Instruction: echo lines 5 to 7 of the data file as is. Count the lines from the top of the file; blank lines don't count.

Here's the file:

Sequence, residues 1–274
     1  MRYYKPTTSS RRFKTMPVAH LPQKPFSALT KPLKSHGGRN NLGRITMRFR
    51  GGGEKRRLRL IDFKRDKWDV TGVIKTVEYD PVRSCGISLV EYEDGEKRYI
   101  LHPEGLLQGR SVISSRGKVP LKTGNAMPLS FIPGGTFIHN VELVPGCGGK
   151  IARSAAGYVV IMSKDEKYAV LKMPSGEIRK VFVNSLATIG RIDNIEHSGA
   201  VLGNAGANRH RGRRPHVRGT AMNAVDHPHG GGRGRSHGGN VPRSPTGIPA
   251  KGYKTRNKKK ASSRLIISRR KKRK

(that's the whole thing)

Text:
   151  IARSAAGYVV IMSKDEKYAV LKMPSGEIRK VFVNSLATIG RIDNIEHSGA
   201  VLGNAGANRH RGRRPHVRGT AMNAVDHPHG GGRGRSHGGN VPRSPTGIPA
   251  KGYKTRNKKK ASSRLIISRR KKRK